As cars become increasingly connected, automakers should beware lest their brands end up like phone handset companies, Ford CEO Mark Fields said today at an automotive conference.
"There are others who we never thought five years ago would be competitors for us," Fields said at the event in Bochum, Germany, as quoted by Reuters.
The auto industry says self-driving cars could be available as soon as 2020, but carmakers aren't alone in the push to offer autonomous vehicles.
Google has a self-driving car in the works and recently unveiled a fully functional prototype. The Mountain View, Calif.-based tech giant also wields power in the form of Google Maps, which is considered the leader among mapping systems and would be extremely useful to incorporate into autonomous vehicle systems.
Even ride-sharing service Uber doesn't want to be left out of the running. The company this week announced a partnership with Carnegie Mellon University to develop autonomous vehicle technology in a research development lab in Pittsburgh.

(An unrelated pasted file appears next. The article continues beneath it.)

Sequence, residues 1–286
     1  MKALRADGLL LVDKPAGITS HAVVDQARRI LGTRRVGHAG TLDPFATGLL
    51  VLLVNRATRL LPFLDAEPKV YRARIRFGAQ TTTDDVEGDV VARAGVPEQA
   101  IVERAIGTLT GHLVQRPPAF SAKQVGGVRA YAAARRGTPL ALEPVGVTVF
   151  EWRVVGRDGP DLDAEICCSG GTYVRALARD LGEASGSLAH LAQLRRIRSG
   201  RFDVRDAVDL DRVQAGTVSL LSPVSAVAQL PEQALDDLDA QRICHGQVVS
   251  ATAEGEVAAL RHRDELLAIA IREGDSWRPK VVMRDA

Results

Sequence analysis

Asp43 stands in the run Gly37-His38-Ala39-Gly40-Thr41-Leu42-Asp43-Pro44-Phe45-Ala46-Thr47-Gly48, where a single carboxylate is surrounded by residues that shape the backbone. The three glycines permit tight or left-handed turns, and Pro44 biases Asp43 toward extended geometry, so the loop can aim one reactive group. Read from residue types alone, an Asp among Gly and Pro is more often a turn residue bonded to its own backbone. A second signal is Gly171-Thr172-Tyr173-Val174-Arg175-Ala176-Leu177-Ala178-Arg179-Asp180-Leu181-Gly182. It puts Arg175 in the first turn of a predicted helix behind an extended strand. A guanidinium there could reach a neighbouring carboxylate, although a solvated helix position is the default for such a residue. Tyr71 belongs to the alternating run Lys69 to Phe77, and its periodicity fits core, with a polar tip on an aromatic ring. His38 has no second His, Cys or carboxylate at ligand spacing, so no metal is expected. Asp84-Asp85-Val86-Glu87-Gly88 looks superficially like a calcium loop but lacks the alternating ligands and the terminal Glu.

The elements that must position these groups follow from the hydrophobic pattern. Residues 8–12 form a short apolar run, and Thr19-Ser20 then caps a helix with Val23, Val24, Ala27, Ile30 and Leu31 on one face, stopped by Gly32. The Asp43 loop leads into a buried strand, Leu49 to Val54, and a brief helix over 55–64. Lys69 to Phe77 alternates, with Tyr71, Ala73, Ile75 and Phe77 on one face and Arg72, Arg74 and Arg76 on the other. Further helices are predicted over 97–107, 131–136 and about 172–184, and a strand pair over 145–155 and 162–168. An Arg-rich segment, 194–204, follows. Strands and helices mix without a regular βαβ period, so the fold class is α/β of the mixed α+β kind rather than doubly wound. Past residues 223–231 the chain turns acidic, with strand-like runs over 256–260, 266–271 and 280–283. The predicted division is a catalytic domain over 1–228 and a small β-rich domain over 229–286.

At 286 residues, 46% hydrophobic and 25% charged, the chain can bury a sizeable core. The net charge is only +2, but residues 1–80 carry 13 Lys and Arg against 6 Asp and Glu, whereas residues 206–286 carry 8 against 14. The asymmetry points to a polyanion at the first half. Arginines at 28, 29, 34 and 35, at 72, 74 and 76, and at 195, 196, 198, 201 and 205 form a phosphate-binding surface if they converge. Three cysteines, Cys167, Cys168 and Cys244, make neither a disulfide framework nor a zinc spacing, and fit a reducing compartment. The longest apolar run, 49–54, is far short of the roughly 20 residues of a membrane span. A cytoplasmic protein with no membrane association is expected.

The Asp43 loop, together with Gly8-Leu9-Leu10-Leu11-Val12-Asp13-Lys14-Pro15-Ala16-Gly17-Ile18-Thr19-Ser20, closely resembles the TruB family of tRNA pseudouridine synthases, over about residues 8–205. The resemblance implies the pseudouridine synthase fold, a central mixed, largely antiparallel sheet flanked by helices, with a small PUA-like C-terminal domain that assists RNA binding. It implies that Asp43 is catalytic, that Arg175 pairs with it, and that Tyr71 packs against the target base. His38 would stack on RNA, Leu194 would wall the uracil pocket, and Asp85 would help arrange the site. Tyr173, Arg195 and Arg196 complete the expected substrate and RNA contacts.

"Guess what, they are looking at our industry, not taking anything for granted, they are questioning tradition and they are knocking down walls. I want to make sure Ford doesn't end up like the handset business," Fields said.
Companies that manufacture phone handsets have become dependent on telecommunications providers as well as software systems. Buyers look for whether a device runs iOS, Android or Windows, and cars could become similar shells for software.
Google, Apple and Blackberry all offer connected vehicle systems that make cars smarter but could also be a potential threat to auto brands.
According to Fields, Ford needs to stay at the forefront of innovation to remain relevant.
"There is always that pull to take things for granted. And to say that is the tradition. Our opportunity is to take those blinders off," he said.